“I imagine many of the laws of purity come from our need to try to control things that are beyond our understanding,” Braun wrote. “This virus is concerning, and we need to pay attention, but if we approach it the way I approach kids in the winter – carefully and from a safe distance – we’ll get through it.”


Ahmed Abdirahman, executive director of the Maine Muslim Community Center in Portland, said the mosque was open Friday for traditional prayers. But he encouraged people who are elderly or at risk to stay home, and he said the attendance was roughly half of the usual Friday gathering.

Many people had questions about where to get reliable information, and Abdirahman said leaders directed them to local news and government agencies like the Maine Center for Disease Control and Prevention. They also reiterated the tips from health professionals about how to prevent the spread of disease, and they plan to use the mosque’s Facebook page and phone lists to share any changes in their operations.

“So far, we are in talks and watching what the public school systems are doing and very much communicating – not hourly, but more frequently than daily,” he said. “And trying to make sure we don’t overreach, but we don’t underreact.”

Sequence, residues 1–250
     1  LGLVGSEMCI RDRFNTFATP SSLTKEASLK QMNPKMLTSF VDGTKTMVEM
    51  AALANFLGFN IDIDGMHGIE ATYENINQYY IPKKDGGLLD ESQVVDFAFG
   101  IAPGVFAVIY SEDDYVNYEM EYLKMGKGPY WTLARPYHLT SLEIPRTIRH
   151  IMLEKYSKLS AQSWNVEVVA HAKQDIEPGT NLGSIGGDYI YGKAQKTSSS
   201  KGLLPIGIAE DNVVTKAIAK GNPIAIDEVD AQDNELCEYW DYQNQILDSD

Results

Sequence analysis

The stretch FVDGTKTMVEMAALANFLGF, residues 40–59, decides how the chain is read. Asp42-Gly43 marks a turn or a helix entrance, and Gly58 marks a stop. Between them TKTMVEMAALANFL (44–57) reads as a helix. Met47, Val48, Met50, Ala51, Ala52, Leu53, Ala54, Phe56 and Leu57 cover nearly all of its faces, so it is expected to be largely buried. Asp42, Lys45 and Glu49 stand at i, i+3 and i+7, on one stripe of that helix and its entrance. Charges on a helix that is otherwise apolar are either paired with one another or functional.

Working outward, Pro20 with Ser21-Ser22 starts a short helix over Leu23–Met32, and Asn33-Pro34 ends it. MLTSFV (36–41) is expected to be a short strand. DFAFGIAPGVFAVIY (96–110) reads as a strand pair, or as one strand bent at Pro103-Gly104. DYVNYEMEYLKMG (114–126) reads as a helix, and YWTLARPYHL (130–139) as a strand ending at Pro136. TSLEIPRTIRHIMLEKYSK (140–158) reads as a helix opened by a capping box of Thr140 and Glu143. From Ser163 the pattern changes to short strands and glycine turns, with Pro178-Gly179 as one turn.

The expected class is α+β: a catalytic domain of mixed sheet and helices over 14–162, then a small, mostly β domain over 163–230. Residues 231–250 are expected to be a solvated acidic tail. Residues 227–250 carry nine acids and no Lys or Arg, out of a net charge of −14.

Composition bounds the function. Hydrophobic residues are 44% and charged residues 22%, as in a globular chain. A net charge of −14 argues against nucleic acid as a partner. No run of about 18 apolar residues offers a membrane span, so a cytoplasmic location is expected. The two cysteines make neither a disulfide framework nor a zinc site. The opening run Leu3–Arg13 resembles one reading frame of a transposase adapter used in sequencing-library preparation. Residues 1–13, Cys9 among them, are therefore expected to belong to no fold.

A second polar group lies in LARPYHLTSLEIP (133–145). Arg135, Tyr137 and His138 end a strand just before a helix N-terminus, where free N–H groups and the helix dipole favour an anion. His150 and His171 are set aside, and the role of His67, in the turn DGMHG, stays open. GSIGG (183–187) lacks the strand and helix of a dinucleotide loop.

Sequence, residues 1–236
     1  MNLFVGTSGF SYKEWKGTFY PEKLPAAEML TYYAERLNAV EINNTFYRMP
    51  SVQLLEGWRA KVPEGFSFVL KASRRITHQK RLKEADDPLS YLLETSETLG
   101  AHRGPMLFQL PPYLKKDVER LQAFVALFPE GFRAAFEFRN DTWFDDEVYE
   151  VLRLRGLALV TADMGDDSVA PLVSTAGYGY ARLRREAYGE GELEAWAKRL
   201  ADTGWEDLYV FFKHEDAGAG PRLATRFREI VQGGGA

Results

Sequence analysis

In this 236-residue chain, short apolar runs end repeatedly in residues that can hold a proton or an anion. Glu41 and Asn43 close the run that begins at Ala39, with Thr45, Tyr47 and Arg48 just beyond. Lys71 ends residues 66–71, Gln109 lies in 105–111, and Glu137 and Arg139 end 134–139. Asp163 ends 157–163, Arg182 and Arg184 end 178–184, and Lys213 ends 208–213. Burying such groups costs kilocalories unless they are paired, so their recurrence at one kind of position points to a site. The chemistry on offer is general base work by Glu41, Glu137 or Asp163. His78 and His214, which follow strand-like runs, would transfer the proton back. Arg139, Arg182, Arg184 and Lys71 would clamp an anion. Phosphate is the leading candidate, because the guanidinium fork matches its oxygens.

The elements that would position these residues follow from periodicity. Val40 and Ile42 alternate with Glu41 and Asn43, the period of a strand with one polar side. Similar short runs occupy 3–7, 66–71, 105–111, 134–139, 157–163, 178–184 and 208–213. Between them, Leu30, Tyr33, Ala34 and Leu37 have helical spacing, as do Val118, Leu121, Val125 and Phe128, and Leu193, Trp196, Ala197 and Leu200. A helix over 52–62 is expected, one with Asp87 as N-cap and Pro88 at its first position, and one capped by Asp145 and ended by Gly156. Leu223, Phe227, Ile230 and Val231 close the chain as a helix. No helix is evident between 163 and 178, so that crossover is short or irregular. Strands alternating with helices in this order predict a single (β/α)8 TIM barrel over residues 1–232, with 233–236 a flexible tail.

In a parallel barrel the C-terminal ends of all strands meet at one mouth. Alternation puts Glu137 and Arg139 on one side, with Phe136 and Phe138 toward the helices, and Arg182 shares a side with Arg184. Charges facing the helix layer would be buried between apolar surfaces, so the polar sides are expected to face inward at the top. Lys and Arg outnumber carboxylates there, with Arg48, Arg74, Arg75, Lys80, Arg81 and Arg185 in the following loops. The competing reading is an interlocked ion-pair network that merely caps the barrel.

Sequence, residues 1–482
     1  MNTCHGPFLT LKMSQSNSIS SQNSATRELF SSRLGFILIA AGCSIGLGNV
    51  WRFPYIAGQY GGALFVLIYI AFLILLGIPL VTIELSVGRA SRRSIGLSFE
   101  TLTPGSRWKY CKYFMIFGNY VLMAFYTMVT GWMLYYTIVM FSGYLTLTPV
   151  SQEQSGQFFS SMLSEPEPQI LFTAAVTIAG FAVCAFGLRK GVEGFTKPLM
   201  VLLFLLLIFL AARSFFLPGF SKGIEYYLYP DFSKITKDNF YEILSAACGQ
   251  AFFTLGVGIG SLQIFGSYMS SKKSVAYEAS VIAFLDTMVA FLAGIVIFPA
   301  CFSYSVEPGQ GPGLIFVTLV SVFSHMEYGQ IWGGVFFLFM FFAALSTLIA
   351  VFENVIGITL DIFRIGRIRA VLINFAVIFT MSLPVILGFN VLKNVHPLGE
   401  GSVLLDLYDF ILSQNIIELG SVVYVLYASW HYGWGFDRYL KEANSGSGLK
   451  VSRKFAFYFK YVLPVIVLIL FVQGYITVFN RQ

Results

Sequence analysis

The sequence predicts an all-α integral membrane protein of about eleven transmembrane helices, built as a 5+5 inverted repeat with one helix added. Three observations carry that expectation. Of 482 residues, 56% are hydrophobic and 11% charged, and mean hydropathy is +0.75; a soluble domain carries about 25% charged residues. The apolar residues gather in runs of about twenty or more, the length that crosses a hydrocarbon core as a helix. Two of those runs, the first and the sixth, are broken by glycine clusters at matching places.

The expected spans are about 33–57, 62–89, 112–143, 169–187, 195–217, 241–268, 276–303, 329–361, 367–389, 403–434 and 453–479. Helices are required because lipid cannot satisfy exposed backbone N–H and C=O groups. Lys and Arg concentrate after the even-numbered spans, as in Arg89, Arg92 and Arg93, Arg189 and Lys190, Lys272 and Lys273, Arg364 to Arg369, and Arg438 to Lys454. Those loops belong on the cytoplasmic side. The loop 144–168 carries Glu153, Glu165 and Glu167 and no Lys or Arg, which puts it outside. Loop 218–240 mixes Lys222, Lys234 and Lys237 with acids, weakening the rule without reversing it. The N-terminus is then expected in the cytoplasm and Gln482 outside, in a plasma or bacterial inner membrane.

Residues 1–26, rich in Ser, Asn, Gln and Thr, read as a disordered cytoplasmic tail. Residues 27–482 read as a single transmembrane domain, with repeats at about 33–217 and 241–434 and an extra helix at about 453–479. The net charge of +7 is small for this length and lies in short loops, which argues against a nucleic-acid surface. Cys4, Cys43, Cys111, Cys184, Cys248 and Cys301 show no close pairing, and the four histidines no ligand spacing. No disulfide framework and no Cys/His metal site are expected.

The Rev. Jane Field, executive director of the Maine Council of Churches, said the state’s church leaders met on a virtual conference Friday afternoon to discus their various approaches. Field said they discussed not only how to help people practice their faith while being safe, but also how to support people who are poor and vulnerable.

“By taking these steps, we are protecting the very most vulnerable among us and preserving the capacity of our health care system to care for those who do not get infected,” Field said.

The Rev. Benjamin Shambaugh gives his sermon at St. Luke’s Cathedral in Portland on Sunday. Shawn Patrick Ouellette/Staff Photographer Buy this Photo

At St. Luke’s Cathedral in Portland, the Rev. Ben Shambaugh planned as recently as Thursday to go ahead with Sunday services, taking precautions to prevent the spread of germs and encouraging people who feel sick or at risk to stay home. The Episcopal Diocese of Maine circulated the link to a livestream of the Sunday 10 a.m. service at the cathedral, so people across the state could participate.


But Shambaugh quickly decided that he needed to close the cathedral entirely for two weeks instead. He said no decisions have been made yet about Holy Week, which is in April and includes the celebration of Easter.